Entrance hall. C.M. Collins photographer.

Stucco (Evening Star 19 July 1927): ‘HALL AND DECORATIONS. There is nothing unduly pretentious about the hall, in fact, the same remark applies to the whole place. The visitor is immedjately impressed by the chiselled perfection of everything, and, though he might pardonably go into rhapsodies about what he sees, there is ho vulgar flaunting of ornamentatiop. Beauty there is, and, sometimes, almost enchantment, but everything fits so harmoniously into the general scheme of things that one never has the feeling that it has been merely introduced to bedazzle the eyes of those who mistake a meretricious glitter for legitimate adornment. The spacious stairs and the heavy square piers give an effect of massiveness. The panelling in the hall is carried out in figured beech, the panels being maple. The fibrous plastered coffered ceiling, which is gilded, gives a magnificent golden effect when the hall is flooded with light, and the rainbow-hued lantern at the bottom of the stairs adds a fairy touch or two to the scene. There are no less than eight switches in the hall, and there are between seventy and eighty points of light throughout the house. It is only a moderately-sized home, for all its palace-like fittings, and it is evident that Mr Hudson believes in “letting there be light.” The decorations, which were carried out with the same craftsmanship that has been displayed in every part of the house, were done by Mr A. S. Aburn, and will form the subject of a special article. It will be sufficient to say now that the walls are all in stipple work, being shaded up from dark to light, and here, again, it is impossible to appreciate the subtle artistry of this part of the decoration scheme unless the visitor is carrying out his explorations in the evening.’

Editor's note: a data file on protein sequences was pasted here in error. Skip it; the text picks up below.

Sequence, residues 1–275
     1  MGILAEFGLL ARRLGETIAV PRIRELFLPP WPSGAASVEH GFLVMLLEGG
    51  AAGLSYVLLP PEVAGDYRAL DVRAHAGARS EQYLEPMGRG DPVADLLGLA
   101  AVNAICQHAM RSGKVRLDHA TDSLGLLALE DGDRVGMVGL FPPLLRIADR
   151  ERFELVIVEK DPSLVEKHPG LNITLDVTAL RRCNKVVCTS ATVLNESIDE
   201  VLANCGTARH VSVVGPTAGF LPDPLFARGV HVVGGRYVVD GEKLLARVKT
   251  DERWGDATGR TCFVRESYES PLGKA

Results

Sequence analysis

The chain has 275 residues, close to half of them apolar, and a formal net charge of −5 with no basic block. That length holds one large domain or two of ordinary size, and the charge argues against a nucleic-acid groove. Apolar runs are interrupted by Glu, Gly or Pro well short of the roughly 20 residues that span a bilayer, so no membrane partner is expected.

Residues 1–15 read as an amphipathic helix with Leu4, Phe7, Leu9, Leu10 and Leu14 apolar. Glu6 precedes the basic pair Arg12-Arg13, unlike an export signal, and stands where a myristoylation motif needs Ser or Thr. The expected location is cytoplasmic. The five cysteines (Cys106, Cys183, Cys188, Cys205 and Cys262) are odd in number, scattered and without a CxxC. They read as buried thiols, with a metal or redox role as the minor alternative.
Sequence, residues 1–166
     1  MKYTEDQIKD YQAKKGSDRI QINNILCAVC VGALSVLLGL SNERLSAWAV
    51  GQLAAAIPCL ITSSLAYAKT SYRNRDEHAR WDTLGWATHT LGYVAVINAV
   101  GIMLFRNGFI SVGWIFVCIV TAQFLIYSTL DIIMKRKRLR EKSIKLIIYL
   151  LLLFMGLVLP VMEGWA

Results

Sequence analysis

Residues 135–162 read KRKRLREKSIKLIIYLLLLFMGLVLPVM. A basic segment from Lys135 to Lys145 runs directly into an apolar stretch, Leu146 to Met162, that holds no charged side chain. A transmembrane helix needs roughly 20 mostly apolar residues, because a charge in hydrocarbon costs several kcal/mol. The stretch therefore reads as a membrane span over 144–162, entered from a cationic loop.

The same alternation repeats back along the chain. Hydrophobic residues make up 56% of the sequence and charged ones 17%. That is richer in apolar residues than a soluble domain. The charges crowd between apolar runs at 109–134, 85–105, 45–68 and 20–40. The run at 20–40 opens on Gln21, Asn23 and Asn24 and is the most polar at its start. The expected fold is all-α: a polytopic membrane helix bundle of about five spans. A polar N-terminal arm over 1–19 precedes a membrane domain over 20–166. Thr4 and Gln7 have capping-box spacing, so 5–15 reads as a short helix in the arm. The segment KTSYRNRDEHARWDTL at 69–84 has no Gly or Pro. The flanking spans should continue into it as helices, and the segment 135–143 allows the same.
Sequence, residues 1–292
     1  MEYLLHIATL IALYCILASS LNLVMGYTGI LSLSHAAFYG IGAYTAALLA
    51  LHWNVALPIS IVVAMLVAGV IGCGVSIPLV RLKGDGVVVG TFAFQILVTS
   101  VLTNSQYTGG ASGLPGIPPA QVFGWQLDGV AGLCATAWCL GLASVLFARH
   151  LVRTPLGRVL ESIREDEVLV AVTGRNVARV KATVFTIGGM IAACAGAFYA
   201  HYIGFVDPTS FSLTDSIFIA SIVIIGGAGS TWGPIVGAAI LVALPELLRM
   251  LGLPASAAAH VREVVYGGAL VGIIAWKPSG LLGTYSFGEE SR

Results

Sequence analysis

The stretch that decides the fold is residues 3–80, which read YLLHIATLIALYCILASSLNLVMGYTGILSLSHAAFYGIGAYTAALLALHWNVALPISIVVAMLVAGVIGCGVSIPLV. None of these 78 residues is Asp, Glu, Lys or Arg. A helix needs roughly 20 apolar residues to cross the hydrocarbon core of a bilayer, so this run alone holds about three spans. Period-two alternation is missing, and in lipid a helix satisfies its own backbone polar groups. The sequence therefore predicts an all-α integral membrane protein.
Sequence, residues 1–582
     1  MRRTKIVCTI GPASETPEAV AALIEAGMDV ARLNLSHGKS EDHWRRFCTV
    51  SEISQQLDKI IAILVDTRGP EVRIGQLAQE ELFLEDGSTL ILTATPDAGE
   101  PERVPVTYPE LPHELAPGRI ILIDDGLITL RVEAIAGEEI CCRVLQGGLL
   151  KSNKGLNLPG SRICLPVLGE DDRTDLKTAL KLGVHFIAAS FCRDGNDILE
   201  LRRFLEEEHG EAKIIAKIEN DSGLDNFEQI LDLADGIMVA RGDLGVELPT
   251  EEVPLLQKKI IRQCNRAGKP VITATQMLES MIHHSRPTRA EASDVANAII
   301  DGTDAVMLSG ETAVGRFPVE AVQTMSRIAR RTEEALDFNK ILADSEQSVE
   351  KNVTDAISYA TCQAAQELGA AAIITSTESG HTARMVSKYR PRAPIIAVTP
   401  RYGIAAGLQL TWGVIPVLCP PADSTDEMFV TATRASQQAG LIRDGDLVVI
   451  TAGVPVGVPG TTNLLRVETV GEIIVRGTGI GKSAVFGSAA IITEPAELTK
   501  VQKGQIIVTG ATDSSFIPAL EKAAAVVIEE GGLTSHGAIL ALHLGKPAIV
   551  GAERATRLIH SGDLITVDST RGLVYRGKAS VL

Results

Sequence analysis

Stucco (Evening Star 26 July 1927): ‘Following are particulars that have been supplied of the painting and glazing work at Mr Ambrose Hudson’s house, Tweed street. Mr S. F. Aburn was the contractor … Hall: Dado and woodwork of stairs stained walnut; ceiling finished in gold, shaded and blended. Hall doors leading to drawing and billiard rooms, bevelled plate glass.’

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